For a plaintiff to overcome a qualified immunity defense they must, in their initial complaint, conjunctively show the court that; (1) the official violated a constitutional right; and (2) such right was clearly established at the time of the violation.[56] For a plaintiff to sufficiently show the court that the right is clearly established, the contours must be sufficiently clear that a reasonable government official in the defendant’s position would have understood that the conduct was impermissible.[57] While one may believe a statute or a constitutional amendment meets this second prong easily, courts have held that they are general propositions of law insufficient in Section 1983 suits to show a clearly defined violation.[58] A violation must accordingly originate from precedential holdings that place the issue beyond debate,[59] and courts typically require a high degree of similarity between that precedent and the defendant’s conduct.[60] As a result, qualified immunity protects government officials acting in bad faith by obscuring government customs, policies, and practices that are not easily accessible to plaintiffs—particularly at the pleading stage.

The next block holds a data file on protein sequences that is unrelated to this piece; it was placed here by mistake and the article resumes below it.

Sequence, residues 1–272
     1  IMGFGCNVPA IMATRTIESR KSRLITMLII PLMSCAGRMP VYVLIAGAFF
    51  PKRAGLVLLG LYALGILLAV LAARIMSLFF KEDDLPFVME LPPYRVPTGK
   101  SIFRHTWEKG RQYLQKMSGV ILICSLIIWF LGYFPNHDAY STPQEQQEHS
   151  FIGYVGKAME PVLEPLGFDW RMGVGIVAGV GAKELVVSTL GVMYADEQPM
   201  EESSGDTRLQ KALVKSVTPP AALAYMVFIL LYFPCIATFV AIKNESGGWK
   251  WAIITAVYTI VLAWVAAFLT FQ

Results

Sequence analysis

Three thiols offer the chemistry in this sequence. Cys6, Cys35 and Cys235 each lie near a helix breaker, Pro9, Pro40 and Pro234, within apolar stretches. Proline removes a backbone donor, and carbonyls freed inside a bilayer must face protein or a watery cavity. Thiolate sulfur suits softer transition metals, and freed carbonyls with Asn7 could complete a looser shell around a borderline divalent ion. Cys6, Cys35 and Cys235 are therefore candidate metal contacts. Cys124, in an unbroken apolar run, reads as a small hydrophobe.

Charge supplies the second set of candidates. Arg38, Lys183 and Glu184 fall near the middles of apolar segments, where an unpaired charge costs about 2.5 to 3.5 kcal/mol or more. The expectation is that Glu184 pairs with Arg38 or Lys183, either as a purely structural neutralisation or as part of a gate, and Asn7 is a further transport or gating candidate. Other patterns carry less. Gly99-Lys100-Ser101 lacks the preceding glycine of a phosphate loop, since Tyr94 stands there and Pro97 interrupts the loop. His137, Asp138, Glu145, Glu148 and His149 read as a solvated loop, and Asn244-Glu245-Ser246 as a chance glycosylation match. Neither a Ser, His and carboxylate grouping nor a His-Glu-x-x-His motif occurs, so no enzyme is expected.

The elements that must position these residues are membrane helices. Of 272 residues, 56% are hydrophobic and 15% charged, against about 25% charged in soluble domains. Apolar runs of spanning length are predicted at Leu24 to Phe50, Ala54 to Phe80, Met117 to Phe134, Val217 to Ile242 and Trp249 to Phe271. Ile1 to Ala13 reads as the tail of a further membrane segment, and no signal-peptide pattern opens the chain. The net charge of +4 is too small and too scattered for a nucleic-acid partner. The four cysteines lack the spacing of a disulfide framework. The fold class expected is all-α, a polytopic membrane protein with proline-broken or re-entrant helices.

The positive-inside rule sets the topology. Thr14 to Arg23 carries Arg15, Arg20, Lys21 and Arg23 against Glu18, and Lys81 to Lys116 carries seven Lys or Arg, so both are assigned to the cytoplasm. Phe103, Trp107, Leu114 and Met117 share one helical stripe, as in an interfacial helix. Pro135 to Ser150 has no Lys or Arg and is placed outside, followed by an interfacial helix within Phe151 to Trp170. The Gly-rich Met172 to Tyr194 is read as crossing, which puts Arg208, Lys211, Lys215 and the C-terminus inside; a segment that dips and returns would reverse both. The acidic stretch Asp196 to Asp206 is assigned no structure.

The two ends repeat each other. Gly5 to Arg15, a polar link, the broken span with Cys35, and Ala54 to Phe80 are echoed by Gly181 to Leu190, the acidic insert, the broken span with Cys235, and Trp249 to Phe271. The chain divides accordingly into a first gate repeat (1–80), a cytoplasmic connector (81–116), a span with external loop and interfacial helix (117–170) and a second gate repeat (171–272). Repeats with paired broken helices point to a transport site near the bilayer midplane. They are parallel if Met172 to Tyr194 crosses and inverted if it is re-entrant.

Although Section 1983’s intent has historically been a guiding factor in courts’ assessments of pleadings plausibility immunity claims in such matters,[61] Twombly/Iqbal and immunity defenses frustrate Litigant efforts to hold government actors accountable in Section 1983 litigation. Despite Section 1983’s historical intent, which should guide courts’ evaluation of the plausibility of pleadings and immunity claims, Twombly/ Iqbal standards pose obstacles and immunity defenses further hinder justice for Inmates, leaving them to navigate legal battles without adequate information.

II. Pro Se Problems: Lack of Resources, Lack of Access to Justice